During the debate, BJP MP claimed that crypto was being used to pay bribes and for money laundering.
No deduction in respect of any expenditure while computing the income from transfer of these Virtual Digital Assets (VDAs), state the proposed amendments
– Critics have panned the move, calling the ban ‘regressive’
Parliament has approved amendments to the recently passed Finance Bill, 2022. These include the removal of the word ‘other’ from a section that relates to offsetting losses from crypto gains.
The amendments had also sought to introduce a new section that proposes taxation of virtual digital assets. In addition, no deduction in respect of any expenditure except the cost of acquisition will now be allowed while computing the income from the transfer of these Virtual Digital Assets (VDAs).
This comes days after the Centre issued a clarification that, essentially, banned offsetting loss in one crypto against another.
The move drew terse reactions from the industry experts, with one trade body calling the policy ‘regressive.’
The Raging Debate In Parliament
The debate surrounding the crypto taxation caused quite a stir in the House. BJP MP, Nishikant Dubey, went on to say that crypto was being used to pay bribes and for money laundering.
In response, BJD MP, Pinaki Misra lashed out at Dubey, saying that banning crypto is akin to banning the internet. He also said that any such step would be a step back, urging the government to form a ‘proper task force with proper professionals’ to draw up a bill regulating crypto.
Congress’ Gaurav Gogoi also called on the government to formulate legislation to prevent crypto’s ‘misuse’ for terror financing and drug smuggling. Highlighting concerns about vagueness of policies, he further added, “The government is giving mixed signals regarding crypto in India.”
The Contentious – ‘Other’
The fineprint of Budget 2022 had created a lot of confusion in the minds of crypto analysts. The provision relating to 30% tax on VDAs stated that any loss incurred during the transfer of the virtual asset would not be allowed to be set off against any income calculated under “other” provision of the income tax law.
Essentially, the amendment now removes the word “other” to say that any loss incurred during the transfer will not be allowed against any provision of the act.
The amendment also clarifies that the transfer of VDAs will include any VDA, whether it is a capital asset or not.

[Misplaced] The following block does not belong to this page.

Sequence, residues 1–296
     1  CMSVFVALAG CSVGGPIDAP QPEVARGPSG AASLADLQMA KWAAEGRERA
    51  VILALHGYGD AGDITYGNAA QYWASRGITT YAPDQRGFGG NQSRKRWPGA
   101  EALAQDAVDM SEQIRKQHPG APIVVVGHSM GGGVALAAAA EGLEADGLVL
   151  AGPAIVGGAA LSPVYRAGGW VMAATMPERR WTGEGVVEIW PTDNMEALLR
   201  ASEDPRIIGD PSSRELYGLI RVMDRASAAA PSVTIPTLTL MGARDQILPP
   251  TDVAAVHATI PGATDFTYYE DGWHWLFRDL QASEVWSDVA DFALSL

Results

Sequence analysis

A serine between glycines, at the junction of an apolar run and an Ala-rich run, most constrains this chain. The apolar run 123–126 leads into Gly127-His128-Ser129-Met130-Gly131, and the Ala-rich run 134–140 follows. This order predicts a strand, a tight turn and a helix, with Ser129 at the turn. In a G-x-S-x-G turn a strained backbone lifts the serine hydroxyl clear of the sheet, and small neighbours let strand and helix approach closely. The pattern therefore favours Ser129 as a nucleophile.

Killing Crypto Industry One Step At A Time?
It all began after Minister of State (MoS) for Finance, Pankaj Chaudhary, on March 21, told the Parliament that, “As per provisions of the proposed section 115BBH to the Income Tax Act, 1961, loss from the transfer of Virtual Digital Assets (VDA) will not be allowed to be set off against the income arising from transfer of another VDA.”
Prior to that, the Budget 2022 had also proposed a 1% TDS on crypto payments over INR 10,000 in a year. The rule will also apply to people who receive cryptocurrencies as a gift.
In the same budget, Finance Minister Sitharaman had also announced a 30% tax on the transfer of digital assets. This will come into effect beginning April 1.
Earlier, Inc42 also reported that the government was mulling to bring the digital assets under the ambit of the Goods and Services Tax.
Separately, Centre has also been working on a draft law to regulate cryptocurrencies, but has so far, not made the draft public.
Public Trashing Of Crypto
The matter has been made worse by a slew of public statements by senior RBI officials that range from comparing crypto to the tulip mania of 1630s, to calling cryptocurrencies a Ponzi scheme.
Interestingly, a Chainalysis report found that India’s crypto market grew 641% from July 2020 to June 2021, turning India into one of the largest-growing cryptocurrency markets.
But, the vagueness over local laws has made investors sceptical, which is likely to hurt the industry. With the crackdown on the industry proceeding steadily, the future looks grim for the booming cryptocurrency market.